I don't necessarily think of her as a terrible mother, I see her as someone who is actively engaged in rebellion against the social codes of motherhood in her era and will have no truck with them. So it comes off, I think, as perhaps negligent by our contemporary standards of helicopter parenting. But what she really is, is someone who doesn't want to conform to the expectations of being a constant, doting, cookie-baking mother. The upshot, though, is that Lark and Robin really wind up raising each other.  The book then follows these two women as their paths in life diverge.

It tries to show the choices that they make which are, in some ways, unconventional, around things like the making of art, whether or not to be a mother.- Alix Ohlin

Sometimes they're very close. Other times they're more estranged. They both want to be artists. Lark is really interested in film, and Robin is a very talented musician. She plays the piano and has a beautiful voice. She's one of those preternaturally gifted by nature people, who could really do anything that they want. 

The book is really a love story between the two of them. It tries to show the choices that they make which are, in some ways, unconventional, around things like the making of art, whether or not to be a mother, and perhaps it shows how their own unconventional childhoods prepared them to make some unconventional choices as adults.

Lark is telling the story as an adult, and she's looking back on her childhood, and she is trying to make sense of her life as people often do, and trying to figure out: "How did things turn out this way? What are the choices that I made that led me to where I am today?" 

Lark and Robin's relationship morphs improves, deteriorates it goes through so many stages. What were you hoping to get at as a writer? 

I think her sister is the great love of Lark's life. For Lark, the relationship with Robin is the thing that made her into who she is, and she's puzzled by her sister and fascinated by her, sometimes repelled. They're so different. Their identity formation is inextricable from the other person. When that happens, if you do become estranged from someone like a sibling or a best friend or a partner, then you lose a part of yourself.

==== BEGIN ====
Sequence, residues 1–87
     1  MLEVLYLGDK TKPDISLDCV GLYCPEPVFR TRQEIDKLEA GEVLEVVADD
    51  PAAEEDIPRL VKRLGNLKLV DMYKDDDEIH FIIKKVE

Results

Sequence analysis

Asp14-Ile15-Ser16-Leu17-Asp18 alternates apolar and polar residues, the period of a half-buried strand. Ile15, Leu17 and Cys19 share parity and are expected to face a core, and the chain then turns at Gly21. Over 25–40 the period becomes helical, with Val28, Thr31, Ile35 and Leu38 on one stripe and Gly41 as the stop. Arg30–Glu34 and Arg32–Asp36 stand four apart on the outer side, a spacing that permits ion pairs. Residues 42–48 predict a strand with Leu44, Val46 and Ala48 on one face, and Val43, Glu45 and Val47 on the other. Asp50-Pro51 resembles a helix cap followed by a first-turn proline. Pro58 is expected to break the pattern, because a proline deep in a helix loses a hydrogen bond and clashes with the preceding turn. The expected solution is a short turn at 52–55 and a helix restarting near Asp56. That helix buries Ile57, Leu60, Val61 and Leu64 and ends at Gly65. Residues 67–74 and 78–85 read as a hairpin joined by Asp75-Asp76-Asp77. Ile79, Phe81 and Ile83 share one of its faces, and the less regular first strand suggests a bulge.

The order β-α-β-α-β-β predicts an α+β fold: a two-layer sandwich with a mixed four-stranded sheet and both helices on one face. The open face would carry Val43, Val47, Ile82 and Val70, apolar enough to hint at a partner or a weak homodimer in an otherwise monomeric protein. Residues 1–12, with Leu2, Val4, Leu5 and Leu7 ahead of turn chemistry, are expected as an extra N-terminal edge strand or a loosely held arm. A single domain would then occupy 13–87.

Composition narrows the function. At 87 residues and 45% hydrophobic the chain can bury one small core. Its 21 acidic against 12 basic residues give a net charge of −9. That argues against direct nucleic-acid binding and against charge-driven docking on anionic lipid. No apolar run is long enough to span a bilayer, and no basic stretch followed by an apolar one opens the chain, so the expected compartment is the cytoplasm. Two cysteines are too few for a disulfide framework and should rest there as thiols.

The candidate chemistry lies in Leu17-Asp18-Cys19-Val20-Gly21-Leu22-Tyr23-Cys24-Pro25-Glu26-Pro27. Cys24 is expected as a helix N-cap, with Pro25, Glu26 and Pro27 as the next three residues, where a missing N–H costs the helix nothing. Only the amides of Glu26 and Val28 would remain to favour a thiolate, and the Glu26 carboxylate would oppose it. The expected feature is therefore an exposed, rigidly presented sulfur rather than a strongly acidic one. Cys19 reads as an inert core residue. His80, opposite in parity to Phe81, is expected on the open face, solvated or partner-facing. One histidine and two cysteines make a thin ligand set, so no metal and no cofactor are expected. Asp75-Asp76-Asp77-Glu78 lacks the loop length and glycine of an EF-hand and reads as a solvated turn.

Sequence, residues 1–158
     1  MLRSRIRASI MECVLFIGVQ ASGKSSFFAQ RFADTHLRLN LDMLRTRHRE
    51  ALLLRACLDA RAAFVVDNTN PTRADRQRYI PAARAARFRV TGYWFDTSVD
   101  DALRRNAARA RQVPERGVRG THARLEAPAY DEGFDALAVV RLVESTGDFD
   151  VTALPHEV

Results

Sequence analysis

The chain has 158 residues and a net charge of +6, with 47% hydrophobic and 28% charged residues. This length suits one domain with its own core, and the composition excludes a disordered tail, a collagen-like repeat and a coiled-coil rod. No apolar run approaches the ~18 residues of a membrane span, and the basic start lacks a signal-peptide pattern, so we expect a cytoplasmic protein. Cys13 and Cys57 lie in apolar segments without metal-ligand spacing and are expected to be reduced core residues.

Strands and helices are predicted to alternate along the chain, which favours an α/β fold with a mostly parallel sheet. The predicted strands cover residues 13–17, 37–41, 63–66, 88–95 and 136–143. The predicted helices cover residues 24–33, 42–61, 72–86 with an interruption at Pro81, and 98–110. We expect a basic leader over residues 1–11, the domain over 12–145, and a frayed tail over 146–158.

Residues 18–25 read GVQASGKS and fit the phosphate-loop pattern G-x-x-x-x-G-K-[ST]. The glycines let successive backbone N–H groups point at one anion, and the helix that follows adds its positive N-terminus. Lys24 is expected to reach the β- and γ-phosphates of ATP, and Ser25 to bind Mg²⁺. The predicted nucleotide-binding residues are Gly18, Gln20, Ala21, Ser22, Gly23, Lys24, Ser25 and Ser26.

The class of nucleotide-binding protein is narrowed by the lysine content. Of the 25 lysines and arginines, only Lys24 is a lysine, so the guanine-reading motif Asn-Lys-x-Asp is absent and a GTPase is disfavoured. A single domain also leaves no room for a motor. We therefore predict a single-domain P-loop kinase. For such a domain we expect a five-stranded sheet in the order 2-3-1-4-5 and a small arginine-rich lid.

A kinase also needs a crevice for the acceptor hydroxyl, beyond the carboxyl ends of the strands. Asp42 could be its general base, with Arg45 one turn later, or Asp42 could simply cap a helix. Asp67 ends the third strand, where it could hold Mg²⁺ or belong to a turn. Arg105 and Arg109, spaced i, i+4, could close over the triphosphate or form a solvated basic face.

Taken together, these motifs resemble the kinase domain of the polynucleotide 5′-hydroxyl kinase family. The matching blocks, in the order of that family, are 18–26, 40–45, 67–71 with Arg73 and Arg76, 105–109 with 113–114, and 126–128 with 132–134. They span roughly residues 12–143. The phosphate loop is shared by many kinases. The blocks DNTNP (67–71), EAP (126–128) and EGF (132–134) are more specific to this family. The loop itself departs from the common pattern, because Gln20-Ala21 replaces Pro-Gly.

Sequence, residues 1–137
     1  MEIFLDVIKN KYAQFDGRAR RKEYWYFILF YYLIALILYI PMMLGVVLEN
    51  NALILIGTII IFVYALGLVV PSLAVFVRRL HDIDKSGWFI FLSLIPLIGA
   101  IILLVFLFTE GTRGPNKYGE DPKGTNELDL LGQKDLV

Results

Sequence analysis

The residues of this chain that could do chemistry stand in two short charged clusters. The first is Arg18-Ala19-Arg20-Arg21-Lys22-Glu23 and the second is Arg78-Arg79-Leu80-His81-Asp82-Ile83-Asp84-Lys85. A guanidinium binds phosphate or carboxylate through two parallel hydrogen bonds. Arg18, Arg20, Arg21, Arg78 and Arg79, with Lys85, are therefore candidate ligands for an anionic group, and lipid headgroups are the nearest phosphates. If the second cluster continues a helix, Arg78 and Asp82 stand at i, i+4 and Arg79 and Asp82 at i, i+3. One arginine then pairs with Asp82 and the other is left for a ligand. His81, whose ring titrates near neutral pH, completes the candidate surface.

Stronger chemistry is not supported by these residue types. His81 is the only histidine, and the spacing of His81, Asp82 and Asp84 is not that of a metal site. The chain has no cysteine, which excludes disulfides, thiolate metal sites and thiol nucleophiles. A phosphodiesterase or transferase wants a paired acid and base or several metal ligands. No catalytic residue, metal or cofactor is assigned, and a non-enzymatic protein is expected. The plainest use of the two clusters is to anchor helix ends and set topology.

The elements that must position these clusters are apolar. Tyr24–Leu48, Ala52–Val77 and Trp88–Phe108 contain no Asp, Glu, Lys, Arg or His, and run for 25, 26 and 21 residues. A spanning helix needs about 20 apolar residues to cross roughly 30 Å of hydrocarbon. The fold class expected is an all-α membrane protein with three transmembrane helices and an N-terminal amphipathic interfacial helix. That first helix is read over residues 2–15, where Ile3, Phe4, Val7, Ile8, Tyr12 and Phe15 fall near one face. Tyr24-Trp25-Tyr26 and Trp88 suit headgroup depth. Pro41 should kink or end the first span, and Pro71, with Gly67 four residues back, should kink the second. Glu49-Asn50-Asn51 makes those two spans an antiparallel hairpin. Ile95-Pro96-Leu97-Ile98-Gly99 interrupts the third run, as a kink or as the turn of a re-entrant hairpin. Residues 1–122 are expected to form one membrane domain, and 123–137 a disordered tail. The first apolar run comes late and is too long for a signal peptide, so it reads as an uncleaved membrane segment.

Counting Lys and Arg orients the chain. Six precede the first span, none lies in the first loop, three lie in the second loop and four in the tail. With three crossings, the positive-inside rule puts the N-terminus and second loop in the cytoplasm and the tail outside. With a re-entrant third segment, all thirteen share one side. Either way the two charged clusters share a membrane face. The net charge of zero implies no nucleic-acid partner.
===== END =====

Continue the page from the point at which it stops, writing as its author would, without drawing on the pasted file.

I am interested in moments when life feels a little bit fantastic, or feels a little bit like a fairy tale.- Alix Ohlin

You've said that you like stories that hover in a kind of middle space between the real and the not real. Tell me about that.

I'm not someone who writes science fiction or magical realism or any of those modes that are really out there in terms of living in an alternative reality. But I am interested in moments when life feels a little bit fantastic, or feels a little bit like a fairy tale. 

Maybe I shouldn't generalize, but it's often the case that you can feel something happening in your life, whether it's a coincidence or a strong feeling, and suddenly things feel ghostly, or the reality of your life is so intense that it's hard to process. And so things feel very strange. So I'm interested in stories that push us into that space and explore that feeling.

This Q&A has been edited and condensed. Click 'listen' above to hear the full interview.


To encourage thoughtful and respectful conversations, first and last names will appear with each submission to CBC/Radio-Canada's online communities (except in children and youth-oriented communities). Pseudonyms will no longer be permitted.

By submitting a comment, you accept that CBC has the right to reproduce and publish that comment in whole or in part, in any manner CBC chooses. Please note that CBC does not endorse the opinions expressed in comments. Comments on this story are moderated according to our Submission Guidelines. Comments are welcome while open. We reserve the right to close comments at any time.

Become a CBC Member

Join the conversation  Create account

Already have an account?